Some parents, teachers ‘frustrated’ SLC schools can no longer require masks
SALT LAKE CITY — As students and educators in Salt Lake City head back to in-person school Monday, they’ll do so without the mask requirement the district’s had in place throughout the pandemic.
The Utah Legislature overturned the mandate Friday, meaning the district can no longer require masks or enforce mask-wearing.
It’s a first for Salt Lake City schools in nearly two years, and comes after the district spent the prior week holding class virtually.
Salt Lake City schools, like many others around the valley, went remote last week, following the Martin Luther King, Jr. holiday, because of a surge in COVID-19 case counts that sent many schools over the threshold.
“I can’t imagine what it’s going to look like,” said Ginny Goldberg, the parent of a high schooler and fourth grader.
While Goldberg’s fourth grade son attends a private school with a mask rule still in place, her high school son will show up to class without any requirements for his teachers or classmates.
“I was angry,” she said of the legislature’s decision. “I feel like my children are in harm’s way now. They’re completely unprotected, and I feel like the staff and the teachers and everybody, all the adults in building, are just as equally unprotected.”
High schools have struggled to stay below the COVID-19 case count threshold.
Goldberg’s worried it’ll only get worse.
Parent Elizabeth Payne — whose three children are in ninth, sixth, and third grade — expressed the same sentiment.
Many educators are also concerned.
“Rescinding the mask mandate really was kind of just a slap in the face for educators,” said James Tobler, president of the Salt Lake Education Association. “There’s a lot of very frustrated, overwhelmed, anxious teachers out there in the Salt Lake District right now.”
Tobler, who is a high school social studies teacher and parent of a high schooler, explained that the frustration he’s hearing from other educators focuses on more than just the mandate overturn.
“Teachers just aren’t feeling support from our state legislature,” he said. “I mean, they get rid of the Test-to-Stay. They just kind of keep lowering the bar, right? Making it more difficult and dangerous for teachers to be at school.”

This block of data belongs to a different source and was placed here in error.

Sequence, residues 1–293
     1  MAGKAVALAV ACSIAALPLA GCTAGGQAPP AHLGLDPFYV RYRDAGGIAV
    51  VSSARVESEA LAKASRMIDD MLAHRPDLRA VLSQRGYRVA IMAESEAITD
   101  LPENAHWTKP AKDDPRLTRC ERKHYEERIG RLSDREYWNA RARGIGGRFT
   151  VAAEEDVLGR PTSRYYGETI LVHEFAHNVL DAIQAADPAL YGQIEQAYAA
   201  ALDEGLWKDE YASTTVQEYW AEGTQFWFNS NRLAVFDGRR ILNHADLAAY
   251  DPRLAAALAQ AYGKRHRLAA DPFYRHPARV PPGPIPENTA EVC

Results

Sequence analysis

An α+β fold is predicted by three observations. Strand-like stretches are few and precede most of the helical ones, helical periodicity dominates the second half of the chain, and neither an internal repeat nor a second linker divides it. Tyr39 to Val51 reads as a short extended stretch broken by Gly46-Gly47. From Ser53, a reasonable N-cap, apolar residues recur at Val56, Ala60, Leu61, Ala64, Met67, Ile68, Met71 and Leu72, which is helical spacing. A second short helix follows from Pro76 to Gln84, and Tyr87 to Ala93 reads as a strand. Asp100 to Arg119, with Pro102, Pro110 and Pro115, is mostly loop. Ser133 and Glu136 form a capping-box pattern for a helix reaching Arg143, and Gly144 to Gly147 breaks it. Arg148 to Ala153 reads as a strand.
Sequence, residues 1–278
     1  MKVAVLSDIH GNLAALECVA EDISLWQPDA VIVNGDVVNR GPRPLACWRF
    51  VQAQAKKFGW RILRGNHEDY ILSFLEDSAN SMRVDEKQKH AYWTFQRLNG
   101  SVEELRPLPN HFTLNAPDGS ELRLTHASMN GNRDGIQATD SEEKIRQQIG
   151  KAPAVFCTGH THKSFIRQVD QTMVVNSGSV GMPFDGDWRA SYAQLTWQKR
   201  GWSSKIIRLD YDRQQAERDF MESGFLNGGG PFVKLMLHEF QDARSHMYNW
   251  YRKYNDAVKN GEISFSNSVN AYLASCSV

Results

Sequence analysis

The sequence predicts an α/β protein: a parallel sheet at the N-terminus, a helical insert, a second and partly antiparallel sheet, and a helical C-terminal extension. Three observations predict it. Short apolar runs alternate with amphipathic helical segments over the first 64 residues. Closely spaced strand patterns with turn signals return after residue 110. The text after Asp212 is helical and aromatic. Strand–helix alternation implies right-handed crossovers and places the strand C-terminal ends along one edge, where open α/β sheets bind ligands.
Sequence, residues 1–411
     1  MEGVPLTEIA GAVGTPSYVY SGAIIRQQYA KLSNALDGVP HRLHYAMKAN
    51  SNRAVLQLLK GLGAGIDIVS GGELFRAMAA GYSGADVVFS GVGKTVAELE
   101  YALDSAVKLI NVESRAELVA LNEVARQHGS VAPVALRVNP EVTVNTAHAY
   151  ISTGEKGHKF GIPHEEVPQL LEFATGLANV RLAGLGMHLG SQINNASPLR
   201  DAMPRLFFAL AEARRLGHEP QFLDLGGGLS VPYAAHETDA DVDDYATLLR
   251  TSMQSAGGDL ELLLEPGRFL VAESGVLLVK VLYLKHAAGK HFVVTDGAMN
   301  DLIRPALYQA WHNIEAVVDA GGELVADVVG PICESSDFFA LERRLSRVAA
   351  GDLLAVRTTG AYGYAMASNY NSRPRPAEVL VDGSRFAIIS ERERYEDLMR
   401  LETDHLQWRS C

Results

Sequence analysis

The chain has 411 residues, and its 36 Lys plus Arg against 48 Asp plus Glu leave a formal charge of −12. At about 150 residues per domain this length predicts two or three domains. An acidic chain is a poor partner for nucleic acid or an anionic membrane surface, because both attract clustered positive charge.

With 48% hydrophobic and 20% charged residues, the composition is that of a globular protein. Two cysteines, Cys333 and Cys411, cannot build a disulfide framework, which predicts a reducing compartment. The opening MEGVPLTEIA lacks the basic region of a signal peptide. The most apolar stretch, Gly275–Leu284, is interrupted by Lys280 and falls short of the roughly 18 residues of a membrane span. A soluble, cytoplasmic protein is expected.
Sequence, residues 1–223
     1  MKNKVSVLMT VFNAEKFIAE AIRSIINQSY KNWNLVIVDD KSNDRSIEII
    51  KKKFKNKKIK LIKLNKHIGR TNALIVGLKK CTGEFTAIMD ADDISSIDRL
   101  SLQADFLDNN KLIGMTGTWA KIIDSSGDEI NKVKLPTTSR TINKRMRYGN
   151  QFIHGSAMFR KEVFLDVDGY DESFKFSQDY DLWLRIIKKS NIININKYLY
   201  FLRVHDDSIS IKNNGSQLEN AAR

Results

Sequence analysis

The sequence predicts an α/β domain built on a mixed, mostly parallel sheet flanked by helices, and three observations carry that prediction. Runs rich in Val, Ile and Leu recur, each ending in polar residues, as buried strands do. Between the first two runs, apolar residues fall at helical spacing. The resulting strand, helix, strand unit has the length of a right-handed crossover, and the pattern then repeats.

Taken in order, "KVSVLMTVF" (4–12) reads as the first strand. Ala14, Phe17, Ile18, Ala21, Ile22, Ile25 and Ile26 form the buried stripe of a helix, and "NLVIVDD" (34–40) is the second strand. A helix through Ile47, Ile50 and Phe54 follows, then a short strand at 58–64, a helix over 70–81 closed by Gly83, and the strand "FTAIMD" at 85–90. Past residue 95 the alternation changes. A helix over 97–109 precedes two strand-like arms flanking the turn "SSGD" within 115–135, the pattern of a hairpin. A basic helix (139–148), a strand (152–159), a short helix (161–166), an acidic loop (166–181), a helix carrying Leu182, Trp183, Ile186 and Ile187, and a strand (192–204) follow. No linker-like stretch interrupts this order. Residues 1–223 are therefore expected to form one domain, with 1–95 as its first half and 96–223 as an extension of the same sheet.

He described how teachers may still ask students to keep masks on during class. It’s what the Salt Lake City School District as a whole is recommending, even if they can’t enforce it.
“That’s one of the tools that we have to keep our school community safe, and we certainly encourage everyone to continue doing that,” said Yándary Chatwin, spokesperson for the Salt Lake City School District.
Chatwin also said they strongly encourage people to keep up-to-date on vaccinations and boosters.
In addition to being a parent, Goldberg also works at a Salt Lake City middle school as a paraprofessional.
“A lot of parents are calling into the school where I work who are really concerned about the safety of their students, their children, in our school,” Goldberg shared. “And we don’t know what to tell them.”
While there is not an official mandate in place any longer, parents like Payne will keep their own rules for their children to abide by.
“I don’t understand how what should be a public health issue has turned into a political issue. My three children will keep wearing their masks,” she said.
Goldberg said she and her high school son will also continue to wear their KN95s.
“I hope the masks that people do choose to wear will be helpful,” she said. “And I hope that this omicron variant blows through quickly.”
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